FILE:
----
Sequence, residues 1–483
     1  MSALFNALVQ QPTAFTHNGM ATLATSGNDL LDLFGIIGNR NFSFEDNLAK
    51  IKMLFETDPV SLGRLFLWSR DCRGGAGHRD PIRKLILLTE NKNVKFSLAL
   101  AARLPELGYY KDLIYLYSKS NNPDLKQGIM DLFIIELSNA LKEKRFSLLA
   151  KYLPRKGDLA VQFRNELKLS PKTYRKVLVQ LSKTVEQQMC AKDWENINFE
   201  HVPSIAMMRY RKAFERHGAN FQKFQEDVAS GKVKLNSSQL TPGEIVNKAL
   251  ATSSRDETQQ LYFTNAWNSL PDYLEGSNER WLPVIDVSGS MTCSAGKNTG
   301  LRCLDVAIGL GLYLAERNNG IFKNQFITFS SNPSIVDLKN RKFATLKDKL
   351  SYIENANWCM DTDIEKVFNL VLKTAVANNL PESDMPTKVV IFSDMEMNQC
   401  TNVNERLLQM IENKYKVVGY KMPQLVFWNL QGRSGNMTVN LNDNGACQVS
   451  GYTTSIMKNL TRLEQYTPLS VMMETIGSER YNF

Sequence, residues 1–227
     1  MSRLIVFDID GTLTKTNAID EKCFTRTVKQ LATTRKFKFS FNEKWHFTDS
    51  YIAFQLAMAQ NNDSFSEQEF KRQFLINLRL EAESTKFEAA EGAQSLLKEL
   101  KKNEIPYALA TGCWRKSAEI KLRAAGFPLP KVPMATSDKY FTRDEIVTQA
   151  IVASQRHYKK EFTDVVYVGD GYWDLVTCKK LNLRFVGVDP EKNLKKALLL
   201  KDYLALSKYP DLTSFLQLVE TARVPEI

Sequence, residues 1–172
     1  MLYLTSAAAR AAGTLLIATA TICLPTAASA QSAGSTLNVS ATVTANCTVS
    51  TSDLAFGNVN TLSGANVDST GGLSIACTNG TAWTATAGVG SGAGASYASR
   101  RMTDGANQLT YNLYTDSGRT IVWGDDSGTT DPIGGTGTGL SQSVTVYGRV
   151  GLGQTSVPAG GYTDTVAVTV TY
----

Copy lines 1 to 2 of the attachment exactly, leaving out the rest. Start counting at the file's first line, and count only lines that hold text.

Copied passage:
Sequence, residues 1–483
     1  MSALFNALVQ QPTAFTHNGM ATLATSGNDL LDLFGIIGNR NFSFEDNLAK